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Nowhere to Hide
[] Buy posters from this movie
by Jack Sommersby

"'Hide' From This Turkey"
1 stars

Grossing less than a million at U.S. box offices, it's a wonder it just wasn't released straight to video.

In the whoppingly implausible action thriller Nowhere to Hide, Amy Madigan manages to deliver an excellent star performance as Barbara Cutter, the wife of a Marine helicopter major who finds her tranquil existence thrown into turmoil when her husband is murdered by two corporate assassins because he’s discovered that a defense contractor has been skimping on the manufacturing of their aircraft. To cut back on costs, an alloy rather than the agreed-upon titanium has been used on the crucial C-ring part of the fleet’s chopper engines, which has resulted in two downed choppers inside of a week and four deaths. Unfortunately, upon discovering this the husband relays his finding to his second-in-command who’s in cahoots with the contractor; shortly thereafter the assassins are dispatched to the Cutters’ house, where the husband is shot down but not before the incriminating piece of evidence has been fitted by his young son onto his toy robot. (Barbara, a sculptor, has been welding on a work of hers in the garage while this is going on, and she barely manages to escape the gunfire.) But the assassins have planted some top-secret documents in the household, so during a cursory search of the crime scene the police happen upon these, and the consensus is that the husband was a traitor and probably killed by the supposed foreign agents he was selling this information to (though this is left ill-defined). As a result, the crux of the investigation is centered on the murder victim instead of the killers, and the Marine brass alienates Barbara and even denies her husband a proper military burial. From here on the movie consists of a series of action sequences with Barbara and her traumatized son trying to stay one step ahead of the killers who’re after that crucial piece of evidence they still haven’t located and Barbara is oblivious to because it’s attached to the toy her son refuses to let go of. No one with any semblances of common sense would have little doubt as to the duplicitous dealings of greedy defense contractors (Halliburton, anybody?), but with the array of over-the-top car chases and shootouts that ensue, it’s hard to buy into the proceedings as anything more than sensationalized hokum shamelessly exploiting a serious issue for formulaic cliches. And it all culminates at a secluded cabin in the woods owned by an old friend of the husband’s who’s been a recluse for the last decade. (He’s played by that B-movie actor Michael Ironside, who doesn’t appear until after the one-hour mark, and is unexpectedly subtle -- he isn’t doing one of his villainous portrayals for a change, and modesty looks good on him.) If you’re interested in action, then Nowhere to Hide will likely sate because the stunt work is decently staged, but none of it really comes off as integral because the situations leading up to them are tediously contrived. Plus, the movie carelessly telegraphs practically all of its punches, thus rendering the overall whole as mechanically schematic. (You can practically see the rusted joints holding everything together.) Luckily, there’s Madigan around to give the poorly plotted story its only real girth. She was abrasive and very difficult to take in Streets of Fire and Twice in a Lifetime where she uncouthly tried to be “feisty,” but in Love Child and Places in the Heart and Alamo Bay she proved she could be emotionally accessible and forceful. Here, she gives her limited role as much truth as it can hold and remains commanding throughout. If only the negligible Nowhere to Hide had so much as a tenth of Madigan’s solidity.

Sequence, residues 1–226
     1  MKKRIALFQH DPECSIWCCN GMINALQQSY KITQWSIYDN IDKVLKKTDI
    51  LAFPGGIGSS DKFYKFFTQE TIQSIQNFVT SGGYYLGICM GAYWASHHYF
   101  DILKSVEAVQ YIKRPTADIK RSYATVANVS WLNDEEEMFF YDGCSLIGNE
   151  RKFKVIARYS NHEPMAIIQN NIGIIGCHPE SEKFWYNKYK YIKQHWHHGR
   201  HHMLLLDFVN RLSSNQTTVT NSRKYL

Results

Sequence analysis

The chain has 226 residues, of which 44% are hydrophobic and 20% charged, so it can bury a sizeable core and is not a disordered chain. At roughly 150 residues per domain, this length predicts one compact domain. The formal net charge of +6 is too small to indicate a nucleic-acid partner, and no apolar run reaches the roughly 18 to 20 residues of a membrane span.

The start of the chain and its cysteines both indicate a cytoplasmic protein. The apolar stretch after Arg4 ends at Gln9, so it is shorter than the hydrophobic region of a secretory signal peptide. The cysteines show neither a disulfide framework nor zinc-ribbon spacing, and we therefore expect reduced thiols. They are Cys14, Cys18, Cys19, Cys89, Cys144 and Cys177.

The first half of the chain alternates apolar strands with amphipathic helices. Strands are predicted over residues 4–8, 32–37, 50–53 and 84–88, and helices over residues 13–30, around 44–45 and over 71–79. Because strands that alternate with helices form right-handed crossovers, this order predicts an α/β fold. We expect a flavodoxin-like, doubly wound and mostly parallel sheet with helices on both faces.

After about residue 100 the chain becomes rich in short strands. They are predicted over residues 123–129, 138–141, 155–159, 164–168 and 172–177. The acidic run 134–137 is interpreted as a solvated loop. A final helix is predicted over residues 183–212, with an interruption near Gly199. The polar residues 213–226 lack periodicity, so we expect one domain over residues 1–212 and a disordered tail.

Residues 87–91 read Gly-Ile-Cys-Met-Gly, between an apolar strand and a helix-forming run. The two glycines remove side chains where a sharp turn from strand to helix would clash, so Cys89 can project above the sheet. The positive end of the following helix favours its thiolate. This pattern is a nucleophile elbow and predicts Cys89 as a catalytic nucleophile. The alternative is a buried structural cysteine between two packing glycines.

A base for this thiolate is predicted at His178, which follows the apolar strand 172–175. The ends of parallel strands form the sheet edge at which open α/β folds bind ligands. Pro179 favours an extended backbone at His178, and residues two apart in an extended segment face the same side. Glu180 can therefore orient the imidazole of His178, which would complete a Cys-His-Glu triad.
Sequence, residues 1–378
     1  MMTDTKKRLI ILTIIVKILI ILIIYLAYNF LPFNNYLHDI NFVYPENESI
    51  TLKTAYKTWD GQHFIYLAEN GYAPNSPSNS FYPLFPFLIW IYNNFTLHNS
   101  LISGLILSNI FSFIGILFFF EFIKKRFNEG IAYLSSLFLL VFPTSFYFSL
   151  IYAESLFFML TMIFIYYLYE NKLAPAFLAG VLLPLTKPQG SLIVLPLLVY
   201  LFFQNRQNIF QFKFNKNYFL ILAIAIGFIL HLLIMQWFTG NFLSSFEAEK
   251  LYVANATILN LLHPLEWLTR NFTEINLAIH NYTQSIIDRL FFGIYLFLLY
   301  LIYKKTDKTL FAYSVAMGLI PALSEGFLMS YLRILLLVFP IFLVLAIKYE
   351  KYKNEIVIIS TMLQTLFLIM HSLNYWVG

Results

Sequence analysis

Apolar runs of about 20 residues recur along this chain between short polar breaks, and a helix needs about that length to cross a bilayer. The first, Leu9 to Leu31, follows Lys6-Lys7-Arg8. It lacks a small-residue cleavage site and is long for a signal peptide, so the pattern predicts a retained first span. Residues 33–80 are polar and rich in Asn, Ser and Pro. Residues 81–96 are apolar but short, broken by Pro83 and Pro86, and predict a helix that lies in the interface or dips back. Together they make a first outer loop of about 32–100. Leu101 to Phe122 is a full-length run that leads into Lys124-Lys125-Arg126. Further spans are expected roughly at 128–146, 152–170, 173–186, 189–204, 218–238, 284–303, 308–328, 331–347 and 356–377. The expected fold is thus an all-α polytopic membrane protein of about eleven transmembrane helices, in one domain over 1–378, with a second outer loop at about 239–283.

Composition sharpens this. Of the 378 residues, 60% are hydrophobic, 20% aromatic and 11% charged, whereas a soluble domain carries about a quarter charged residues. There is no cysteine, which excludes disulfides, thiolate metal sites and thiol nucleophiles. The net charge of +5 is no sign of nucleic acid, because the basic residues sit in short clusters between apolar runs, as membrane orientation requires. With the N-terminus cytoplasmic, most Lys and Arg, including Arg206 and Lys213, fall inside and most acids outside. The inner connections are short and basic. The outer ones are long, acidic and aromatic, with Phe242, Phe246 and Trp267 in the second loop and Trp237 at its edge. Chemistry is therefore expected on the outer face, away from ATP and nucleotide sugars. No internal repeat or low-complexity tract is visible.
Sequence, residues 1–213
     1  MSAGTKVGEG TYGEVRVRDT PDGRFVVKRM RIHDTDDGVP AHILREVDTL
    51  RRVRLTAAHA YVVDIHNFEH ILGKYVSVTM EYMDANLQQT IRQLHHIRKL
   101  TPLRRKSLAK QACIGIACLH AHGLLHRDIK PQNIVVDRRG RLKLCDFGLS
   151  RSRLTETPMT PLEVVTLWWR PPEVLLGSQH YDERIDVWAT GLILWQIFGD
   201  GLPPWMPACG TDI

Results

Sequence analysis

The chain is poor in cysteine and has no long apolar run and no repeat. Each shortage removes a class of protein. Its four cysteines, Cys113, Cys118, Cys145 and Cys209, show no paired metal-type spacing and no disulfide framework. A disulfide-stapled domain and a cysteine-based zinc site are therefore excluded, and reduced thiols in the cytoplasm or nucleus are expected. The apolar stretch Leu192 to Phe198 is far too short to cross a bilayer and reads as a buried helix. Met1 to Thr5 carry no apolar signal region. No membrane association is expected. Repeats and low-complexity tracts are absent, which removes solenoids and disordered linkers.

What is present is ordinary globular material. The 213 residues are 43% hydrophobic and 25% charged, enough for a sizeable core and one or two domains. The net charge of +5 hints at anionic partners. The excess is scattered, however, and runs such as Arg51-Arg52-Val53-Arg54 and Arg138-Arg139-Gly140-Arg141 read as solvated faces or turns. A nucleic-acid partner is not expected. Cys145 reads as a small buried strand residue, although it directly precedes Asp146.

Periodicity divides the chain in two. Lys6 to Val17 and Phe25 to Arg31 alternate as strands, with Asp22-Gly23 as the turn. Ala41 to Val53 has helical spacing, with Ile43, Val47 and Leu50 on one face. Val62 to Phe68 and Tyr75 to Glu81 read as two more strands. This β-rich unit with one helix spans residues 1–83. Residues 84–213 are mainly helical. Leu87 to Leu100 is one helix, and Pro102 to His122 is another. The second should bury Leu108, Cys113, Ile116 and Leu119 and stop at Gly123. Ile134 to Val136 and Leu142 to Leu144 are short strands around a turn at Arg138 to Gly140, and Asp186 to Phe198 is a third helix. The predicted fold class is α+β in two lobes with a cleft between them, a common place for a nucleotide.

I'd rather do needlepoint than sit through this again.

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originally posted: 05/31/15 22:19:57
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  17-Jul-1987 (R)



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